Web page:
______________________________________Abbre- Method ofviation Meaning determination______________________________________F Tensile strength DIN 53 504D Elongation at break (%) DIN 53 504M 100 Modulus at 100% elonga- DIN 53 504 tion (MPa)M 200 Modulus at 200% elonga- DIN 53 504 tion (MPa)M 300 Modulus at 300% elonga- DIN 53 504 tion (MPa)M 500 Modulus at 500% elonga- DIN 53 504 tion (MPa)E 23 Elasticity at 23° C. (%) DIN 53 512Shore A Hardness DIN 53 505ABR Abrasion on emery paper, DIN 53 516 thickness 60tan δ (20) Tangent δ at 20° C., 0.5% amplitude Torsion 1Hz, initial force 200 g measurementtan δ (70) Tangent δ at 70° C., 0.5% mechanical/ amplitude dynamic 1Hz, initial force 200 g analyzertan δ (100) Tangent δ at 100° C., 0.5% Rheometrics amplitude RDA 700 1Hz, initial force 200 gG* (20) Complex elasticity modulus Torsion at 20° C. measurementG* (70) Complex elasticity modulus mechanical/dynamic at 70° C. analyzerG* (100) Complex elasticity modulus Rheometrics at 100° C. RDA 700______________________________________
The entire set of data was not determined on all vulcanizates.
In this series, it is intended in principle to show that the degree of crosslinking of the BR gel has an effect on the vulcanizate properties of the rubber mixtures according to the invention. The results of series 1 are set out in Table 2.
The data obtained with test mixture 1 show that Examples 1 to 6 according to the invention are characterized by a more favorable combination of the properties hysteresis loss and abrasion than the vulcanizate based on NR (Comparison Example 1). Abrasion decreases with increasing degree of crosslinking of the BR gels (Examples 1 to 3) and subsequently levels off onto a plateau (Examples 4 to 6). The same also applies to the hysteresis loss (tan δ), Examples 3, 4 and 5 representing an optimum.
In series 2, (see Table 3) it is shown that the vulcanizate of Example 7 according to the invention is superior both to a vulcanizate produced from NR and to a vulcanizate produced from an NR/BR blend (Comparison Examples 2 and 3) in the combination of the properties hysteresis loss (tan δ) and abrasion for a comparable modulus value M 200. Comparison Example 2 shows a distinctly higher hysteresis loss and abrasion than Example 7. Although, as in Example 7 low abrasion is obtained in Comparison Example 3, the hysteresis loss is distinctly higher than in Example 7 according to the invention.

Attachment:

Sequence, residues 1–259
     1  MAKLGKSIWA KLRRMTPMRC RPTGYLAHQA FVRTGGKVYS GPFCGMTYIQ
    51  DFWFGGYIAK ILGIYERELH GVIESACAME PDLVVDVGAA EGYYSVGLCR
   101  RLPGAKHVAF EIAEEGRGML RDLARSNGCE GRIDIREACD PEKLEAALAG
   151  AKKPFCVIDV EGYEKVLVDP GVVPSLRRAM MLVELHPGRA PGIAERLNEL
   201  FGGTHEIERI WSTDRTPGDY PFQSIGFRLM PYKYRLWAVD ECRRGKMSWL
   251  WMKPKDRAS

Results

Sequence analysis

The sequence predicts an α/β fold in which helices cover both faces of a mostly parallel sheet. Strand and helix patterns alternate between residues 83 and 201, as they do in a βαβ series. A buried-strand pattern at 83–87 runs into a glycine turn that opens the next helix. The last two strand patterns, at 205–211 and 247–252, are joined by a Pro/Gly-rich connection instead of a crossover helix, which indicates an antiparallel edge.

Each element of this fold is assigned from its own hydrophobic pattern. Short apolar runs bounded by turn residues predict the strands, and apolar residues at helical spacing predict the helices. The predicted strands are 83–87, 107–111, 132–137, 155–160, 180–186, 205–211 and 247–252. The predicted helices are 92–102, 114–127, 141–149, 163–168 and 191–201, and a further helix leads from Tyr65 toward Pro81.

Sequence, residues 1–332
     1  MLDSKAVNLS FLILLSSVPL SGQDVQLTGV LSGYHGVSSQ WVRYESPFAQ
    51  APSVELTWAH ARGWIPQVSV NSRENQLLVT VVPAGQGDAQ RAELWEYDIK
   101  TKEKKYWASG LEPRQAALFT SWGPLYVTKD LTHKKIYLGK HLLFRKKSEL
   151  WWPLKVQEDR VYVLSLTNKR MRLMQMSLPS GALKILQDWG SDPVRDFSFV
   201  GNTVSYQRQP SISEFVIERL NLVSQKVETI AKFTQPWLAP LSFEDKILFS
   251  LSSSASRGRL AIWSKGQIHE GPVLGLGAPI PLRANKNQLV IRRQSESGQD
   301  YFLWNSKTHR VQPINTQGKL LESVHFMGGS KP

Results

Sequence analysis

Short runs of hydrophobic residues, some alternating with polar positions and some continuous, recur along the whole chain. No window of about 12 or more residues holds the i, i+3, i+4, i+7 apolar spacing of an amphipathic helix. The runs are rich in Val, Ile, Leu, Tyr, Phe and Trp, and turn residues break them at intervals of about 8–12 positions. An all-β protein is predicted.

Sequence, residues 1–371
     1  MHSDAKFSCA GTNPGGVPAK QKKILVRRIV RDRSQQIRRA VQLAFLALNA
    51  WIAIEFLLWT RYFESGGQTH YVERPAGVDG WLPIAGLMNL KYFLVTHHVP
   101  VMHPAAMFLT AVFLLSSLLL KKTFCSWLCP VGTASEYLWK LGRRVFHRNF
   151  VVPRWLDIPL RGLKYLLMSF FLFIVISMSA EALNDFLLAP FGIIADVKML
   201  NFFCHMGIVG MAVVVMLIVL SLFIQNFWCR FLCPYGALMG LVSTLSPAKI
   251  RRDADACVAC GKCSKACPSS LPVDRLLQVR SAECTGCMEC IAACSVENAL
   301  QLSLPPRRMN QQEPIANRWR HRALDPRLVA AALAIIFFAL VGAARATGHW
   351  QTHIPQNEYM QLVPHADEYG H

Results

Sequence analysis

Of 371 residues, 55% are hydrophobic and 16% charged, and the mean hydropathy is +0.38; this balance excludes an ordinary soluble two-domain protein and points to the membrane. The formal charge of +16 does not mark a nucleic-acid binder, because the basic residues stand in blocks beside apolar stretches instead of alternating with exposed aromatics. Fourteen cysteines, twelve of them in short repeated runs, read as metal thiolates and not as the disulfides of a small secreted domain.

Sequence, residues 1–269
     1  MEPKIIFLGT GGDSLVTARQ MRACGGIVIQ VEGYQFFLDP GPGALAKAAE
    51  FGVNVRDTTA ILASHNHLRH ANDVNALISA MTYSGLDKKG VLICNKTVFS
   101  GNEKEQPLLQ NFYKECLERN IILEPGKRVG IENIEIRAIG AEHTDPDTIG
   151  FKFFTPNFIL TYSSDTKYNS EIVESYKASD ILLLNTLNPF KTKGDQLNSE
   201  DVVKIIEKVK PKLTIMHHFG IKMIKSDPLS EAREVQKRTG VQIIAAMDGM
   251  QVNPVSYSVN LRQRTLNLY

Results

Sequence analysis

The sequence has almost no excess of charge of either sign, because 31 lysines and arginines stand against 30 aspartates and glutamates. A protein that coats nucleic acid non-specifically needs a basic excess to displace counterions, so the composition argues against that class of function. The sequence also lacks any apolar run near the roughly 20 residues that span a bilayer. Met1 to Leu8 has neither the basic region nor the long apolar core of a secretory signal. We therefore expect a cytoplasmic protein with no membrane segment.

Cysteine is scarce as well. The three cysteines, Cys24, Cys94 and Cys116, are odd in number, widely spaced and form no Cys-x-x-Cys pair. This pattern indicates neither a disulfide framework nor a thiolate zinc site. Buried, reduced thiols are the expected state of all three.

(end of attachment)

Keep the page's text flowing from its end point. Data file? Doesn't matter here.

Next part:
The results of series 3 (see Table 3) show that, even where a small quantity of BR gel is used in the rubber mixture according to the invention, the advantage afforded by the invention can clearly be seen. For comparable modulus M 200 and abrasion, Example 8 according to the invention shows a lower hysteresis loss than an NR vulcanizate (Comparison Example 4).
In Example 9 according to the invention, the BR gel used in the rubber mixture (BR gel A 4) had been prepared from a latex having a larger particle diameter than was the case with the Examples according to the invention of series 2 and 3.
Example 9 according to the invention is also superior to an NR vulcanizate (Comparison Example 2) in the combination of the properties hysteresis loss (tan δ) and abrasion for a comparable modulus M 200 value (see Table 4).
The BR gel used in Example 10 according to the invention was the same BR gel used as in the Example 9 of series 4, but is used in a smaller quantity. For a comparable modulus M 200 value, Example 10 according to the invention show a slightly higher abrasion than Comparison Example 4, but a lower hysteresis loss (see Table 4).
Series 6 (see Table 5) is intended to show that the advantages of the rubber mixtures according to the invention are also in evidence where a less active carbon black (N 772) is used. For a comparable modulus M 200 value, Example 11 according to the invention shows a better combination of the properties hysteresis loss (tan δ) and abrasion than an NR/BR blend (Comparison Example 5).
Series 7 (see Table 6) shows that the system of the rubber mixtures according to the invention is flexible. The percentage content of BR gel in the rubber mixture (Examples 7 and 12 according to the invention) can be varied without any effect on the advantages in respect to hysteresis loss (tan δ) and abrasion. Examples 7 and 12 according to the invention are superior to an NR vulcanizate (Comparison Example 2). Comparison Example 3 was vulcanised to a similar modulus M 200 and has a similar low abrasion, but fails to exihibit the advantageous low hysteresis loss (tan δ) of the Examples 7 and 12 according to the invention.